I have for some time believed that small communal societies would be the most psychologically healthy way for people to live. It's communism, but not the Soviet monument to beaurocracy and leader psychosis seen by the 20th Century. The advantages of such a system are numerous and rest largely on the fact that everyone knows and cares about everyone else. Case in point:
In the law, we recognize that young people are not yet prepared to make certain decisions -- the decision to responsibly use substances, the wealth of mature decisions needed to drive safely, the decision of whom to have sex with and when, and so on. But anyone with even a few acquaintances will acknowledge the arbitrarity of the ages of 21, 16, and 18. High schools, while not full of, do contain examples of young people who can fuck with all required maturity, situational understanding, and psychological soundness. Meanwile, every college can attest that countless 22-year-olds have yet to learn how to drink and think at the same time. Yet the demand for a method of categorizing those able to decide and those unable seems legitimate -- no one would advocate treating the six-year-old's declaration that he would join the army and fight the terrorists with the same consideration as they would a 20-year-old's pledge to join the service. A contract signed by the former is cute, by the latter it is binding.
The commune offers what the national law cannot provide -- a way for distinguishing children (or those who carry not the freedoms and responsibilities) from adults (who do) in a non-arbitrary manner: initiation. When a child's elders know her and watch her development, they can perform the rituals of rites of passage, which at the same time teach the initiate her new responsibilities, show her her new freedoms, and signify her new social role to the initiate and the society. Since this is done in a close environment, the elders, perhaps even in consultation with the individual, know when the pupil is ready. Without close community and without shared traditions, such as changed dress or bodily mutilation upon initiation, a society of anonymity cannot call upon such an advantage. A bouncer cannot be expected to accept a letter from a teen's parents indicating that he has often had a glass of wine with dinner, nor can the woman claim in court that her young consort was capable of making sexual decisions, for he had undergone ritual circumcision. Exhibit A would not be allowed.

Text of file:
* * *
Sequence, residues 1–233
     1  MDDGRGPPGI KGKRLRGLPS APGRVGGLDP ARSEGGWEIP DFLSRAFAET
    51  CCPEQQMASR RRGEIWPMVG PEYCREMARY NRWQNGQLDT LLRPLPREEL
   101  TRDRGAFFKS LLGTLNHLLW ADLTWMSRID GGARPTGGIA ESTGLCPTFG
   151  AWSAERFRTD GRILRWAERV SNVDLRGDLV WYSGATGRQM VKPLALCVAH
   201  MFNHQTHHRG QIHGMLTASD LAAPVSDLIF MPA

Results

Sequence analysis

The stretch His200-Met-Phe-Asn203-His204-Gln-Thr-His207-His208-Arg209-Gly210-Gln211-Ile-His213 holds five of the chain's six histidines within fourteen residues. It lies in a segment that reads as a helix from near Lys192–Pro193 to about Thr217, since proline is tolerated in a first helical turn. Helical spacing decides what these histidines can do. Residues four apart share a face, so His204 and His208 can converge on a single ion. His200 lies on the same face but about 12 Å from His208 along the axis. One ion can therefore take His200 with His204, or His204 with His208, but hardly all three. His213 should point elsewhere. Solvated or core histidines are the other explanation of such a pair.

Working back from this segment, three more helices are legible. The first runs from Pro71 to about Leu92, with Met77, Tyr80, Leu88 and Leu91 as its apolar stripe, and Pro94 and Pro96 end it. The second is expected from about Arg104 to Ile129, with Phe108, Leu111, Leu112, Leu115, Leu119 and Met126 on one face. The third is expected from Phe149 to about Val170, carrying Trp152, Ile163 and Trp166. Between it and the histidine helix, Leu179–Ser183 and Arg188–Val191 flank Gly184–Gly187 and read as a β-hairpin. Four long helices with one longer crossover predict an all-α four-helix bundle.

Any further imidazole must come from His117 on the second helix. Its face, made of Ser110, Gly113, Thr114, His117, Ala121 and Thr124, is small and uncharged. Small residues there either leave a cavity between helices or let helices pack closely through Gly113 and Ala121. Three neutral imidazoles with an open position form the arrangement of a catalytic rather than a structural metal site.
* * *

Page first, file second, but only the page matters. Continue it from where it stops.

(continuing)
Rites of passage persist today, but without the gravity nor efficacy that they deserve. At 16 the birthday girl strides into the DMV. At 21 his friends lead her to the bar and carry her home. In late August, millions of parents give a hug to their children as they set off on the new path of college. But rarely are the themes of such a step even symbolized, let alone explicitly acknowledged. Rather, the child waves with ambiguity and turns to his new peers still attached to the past and unclear of his role in the future.
Even religion, where ritual and ancient ways often remain, if hidden beneath the surface, falls prey to the automatic turn-over. Baptism, Confirmation, the Bar Mitzvah, happen at specific times based on the birth of the individual, not his spiritual development. Different people grow at different rates -- many abandon the church after confirming because they finally reached a critical stage in development, and should only have been questioned for confirmation, providing a negative answer, at that time. In a few weeks time I will initiate into the Wiccan tradition, a step which has no tie to absolute chronology, but which was set by my own decision (and just happens to coincide with Hiroshima Day). I decided I wanted to learn to drive at age 19, and decided to finally get my license again at 21. My parents stopped worrying about where I was when they hadn't heard from me after I'd proved myself mature, not because I'd reached the magical age where one can buy lotto tickets.
Interestingly, (most) colleges recognize this. Four years of enrollment doesn't guarantee a degree. Students must complete a certain number, and certain types, of classes, demonstrating their readiness for the next stage. Unfortunately, in many public schools this practice has been lost -- four years with your ass on plastic guarantees a diploma, even if you can't read and think, like an embarrasing majority of Harvard grads, that the summer is warm because the Earth is closer to the Sun.
- Music:my Eclectronica - Calm playlist